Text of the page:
Shortly following Ludicorp's founding, Butterfield, Classon and Fake began working on Game Neverending.[4] According to Fake “[She] did the game design, Stewart did the interaction design and Jason did the PHP for the prototype.”[4] During the time they were developing Game Neverending, Ludicorp were able to secure a government loan and began to break even shortly later.[4] Fake expressed how raising funds for Flickr however was difficult as it was a new concept, including many new features in the new social media market.[4][8]

Development of Game Neverending[edit]

According to Fake, “Neopets was one of the inspirations for Game Neverending,” a game where online multiplayer interaction was available.[4] It was meant to be a game that would not end, and there was no concept of winning or losing in it.[8] Game Neverending was finished and released in 2002, however it did not gain the success Ludicorp had wanted it to.[9] Game Neverending eventually became Ludicorp's major project, Flickr.[10]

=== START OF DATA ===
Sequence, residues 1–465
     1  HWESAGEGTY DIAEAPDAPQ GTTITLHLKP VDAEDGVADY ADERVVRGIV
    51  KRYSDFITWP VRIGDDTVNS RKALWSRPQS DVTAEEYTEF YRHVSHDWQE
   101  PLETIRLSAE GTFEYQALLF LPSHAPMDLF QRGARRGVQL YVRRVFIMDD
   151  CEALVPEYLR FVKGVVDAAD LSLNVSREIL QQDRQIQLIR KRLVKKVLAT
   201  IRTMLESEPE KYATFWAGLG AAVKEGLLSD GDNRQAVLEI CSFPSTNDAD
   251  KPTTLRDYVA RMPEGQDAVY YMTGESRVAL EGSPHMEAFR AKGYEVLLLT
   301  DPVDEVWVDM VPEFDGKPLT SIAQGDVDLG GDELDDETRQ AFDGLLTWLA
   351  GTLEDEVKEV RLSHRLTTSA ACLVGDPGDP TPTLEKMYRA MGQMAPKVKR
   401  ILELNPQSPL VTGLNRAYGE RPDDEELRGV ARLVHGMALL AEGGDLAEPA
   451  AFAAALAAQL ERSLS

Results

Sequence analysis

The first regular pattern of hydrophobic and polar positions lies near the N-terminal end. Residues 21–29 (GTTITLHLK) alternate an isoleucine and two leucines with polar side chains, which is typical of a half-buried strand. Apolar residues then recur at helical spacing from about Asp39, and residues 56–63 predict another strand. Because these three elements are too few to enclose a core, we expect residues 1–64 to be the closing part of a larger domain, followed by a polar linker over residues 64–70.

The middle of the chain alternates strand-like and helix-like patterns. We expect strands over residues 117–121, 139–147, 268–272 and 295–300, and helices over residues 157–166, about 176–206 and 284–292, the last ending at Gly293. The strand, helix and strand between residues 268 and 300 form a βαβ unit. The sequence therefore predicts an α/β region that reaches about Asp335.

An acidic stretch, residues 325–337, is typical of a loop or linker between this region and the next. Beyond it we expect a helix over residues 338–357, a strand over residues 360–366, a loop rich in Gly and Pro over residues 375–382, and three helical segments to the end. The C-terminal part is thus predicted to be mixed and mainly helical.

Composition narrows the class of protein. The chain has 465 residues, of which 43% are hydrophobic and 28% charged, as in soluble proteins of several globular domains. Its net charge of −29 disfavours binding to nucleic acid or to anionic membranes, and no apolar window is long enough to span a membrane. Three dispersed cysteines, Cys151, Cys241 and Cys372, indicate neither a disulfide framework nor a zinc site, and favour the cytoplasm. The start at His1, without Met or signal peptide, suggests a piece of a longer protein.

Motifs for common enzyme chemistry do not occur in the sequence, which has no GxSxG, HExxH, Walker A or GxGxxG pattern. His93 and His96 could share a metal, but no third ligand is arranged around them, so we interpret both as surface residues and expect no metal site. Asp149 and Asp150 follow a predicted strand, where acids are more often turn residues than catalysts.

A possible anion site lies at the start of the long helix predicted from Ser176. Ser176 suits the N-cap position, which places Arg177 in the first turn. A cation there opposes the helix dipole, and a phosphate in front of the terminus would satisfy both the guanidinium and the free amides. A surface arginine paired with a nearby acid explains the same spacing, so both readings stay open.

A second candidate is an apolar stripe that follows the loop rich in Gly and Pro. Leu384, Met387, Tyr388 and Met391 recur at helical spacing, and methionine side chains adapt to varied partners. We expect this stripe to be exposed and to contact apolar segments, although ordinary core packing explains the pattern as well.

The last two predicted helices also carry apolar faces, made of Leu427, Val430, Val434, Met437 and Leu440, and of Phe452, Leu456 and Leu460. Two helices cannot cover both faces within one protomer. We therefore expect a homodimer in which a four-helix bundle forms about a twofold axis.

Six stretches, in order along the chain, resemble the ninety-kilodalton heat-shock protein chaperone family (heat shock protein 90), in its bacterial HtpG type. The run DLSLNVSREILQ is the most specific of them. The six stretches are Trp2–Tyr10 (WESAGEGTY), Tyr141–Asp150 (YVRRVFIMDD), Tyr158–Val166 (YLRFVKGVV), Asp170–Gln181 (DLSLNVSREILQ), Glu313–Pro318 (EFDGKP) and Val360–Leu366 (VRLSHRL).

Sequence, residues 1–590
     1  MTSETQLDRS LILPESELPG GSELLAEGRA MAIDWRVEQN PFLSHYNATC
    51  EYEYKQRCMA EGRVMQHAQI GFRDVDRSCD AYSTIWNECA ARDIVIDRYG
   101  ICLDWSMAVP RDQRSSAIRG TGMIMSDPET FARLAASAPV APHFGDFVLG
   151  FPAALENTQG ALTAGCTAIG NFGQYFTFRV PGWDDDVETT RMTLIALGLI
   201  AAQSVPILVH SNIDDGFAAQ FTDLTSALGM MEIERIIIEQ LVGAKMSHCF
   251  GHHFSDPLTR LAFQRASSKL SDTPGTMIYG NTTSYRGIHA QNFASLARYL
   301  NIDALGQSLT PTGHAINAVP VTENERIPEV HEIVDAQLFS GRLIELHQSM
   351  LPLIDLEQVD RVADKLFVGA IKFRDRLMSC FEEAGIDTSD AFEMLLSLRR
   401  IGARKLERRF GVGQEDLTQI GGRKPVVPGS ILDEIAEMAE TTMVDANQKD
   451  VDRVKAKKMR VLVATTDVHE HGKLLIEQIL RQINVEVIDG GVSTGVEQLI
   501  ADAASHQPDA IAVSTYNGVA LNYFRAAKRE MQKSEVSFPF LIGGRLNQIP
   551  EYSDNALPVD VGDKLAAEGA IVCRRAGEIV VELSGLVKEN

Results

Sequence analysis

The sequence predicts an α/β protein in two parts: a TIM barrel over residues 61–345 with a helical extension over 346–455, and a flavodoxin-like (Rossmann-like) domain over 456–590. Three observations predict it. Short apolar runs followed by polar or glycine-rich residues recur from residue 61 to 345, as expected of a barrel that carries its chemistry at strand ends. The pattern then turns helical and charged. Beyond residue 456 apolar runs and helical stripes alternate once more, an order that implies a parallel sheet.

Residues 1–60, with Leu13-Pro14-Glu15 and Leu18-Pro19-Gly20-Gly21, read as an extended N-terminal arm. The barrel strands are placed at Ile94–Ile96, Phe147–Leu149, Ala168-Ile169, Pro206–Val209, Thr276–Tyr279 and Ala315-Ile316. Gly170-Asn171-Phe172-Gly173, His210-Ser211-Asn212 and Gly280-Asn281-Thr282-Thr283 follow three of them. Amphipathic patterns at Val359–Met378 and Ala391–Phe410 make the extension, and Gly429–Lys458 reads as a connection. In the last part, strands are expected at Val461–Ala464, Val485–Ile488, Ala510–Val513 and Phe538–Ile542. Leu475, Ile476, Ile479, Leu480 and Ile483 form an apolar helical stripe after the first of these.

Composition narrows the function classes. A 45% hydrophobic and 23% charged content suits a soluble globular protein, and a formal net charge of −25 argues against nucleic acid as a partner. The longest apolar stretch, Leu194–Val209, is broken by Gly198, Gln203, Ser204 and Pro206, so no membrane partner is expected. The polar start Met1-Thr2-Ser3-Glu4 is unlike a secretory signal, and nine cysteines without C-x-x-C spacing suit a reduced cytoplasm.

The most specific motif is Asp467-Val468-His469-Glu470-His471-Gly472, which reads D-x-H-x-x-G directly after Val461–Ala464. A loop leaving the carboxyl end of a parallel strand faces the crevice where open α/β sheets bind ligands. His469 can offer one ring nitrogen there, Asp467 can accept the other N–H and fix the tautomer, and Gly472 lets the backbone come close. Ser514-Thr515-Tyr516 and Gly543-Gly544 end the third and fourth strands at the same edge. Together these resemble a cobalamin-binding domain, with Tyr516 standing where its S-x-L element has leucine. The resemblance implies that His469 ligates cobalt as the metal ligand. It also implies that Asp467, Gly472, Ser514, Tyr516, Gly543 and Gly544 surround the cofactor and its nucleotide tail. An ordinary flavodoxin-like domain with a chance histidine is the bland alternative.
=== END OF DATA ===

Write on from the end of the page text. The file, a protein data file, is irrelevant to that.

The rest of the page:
Fake said that many in Ludicorp were disappointed to forgo Game Neverending, but they also realised that Flickr was a rising source of success for them.[4]

Development of Flickr[edit]

Game Neverending contained a feature which would allow players to communicate and share photographs with each other.[4] However, all the technical features used to create this function were also the fundamental features of Flickr.[8] After Game neverending became a financial failure, the Ludicorp executives then decided to drop that project and pursue Flickr, especially as it was beginning to gain financial success in 2004.[4]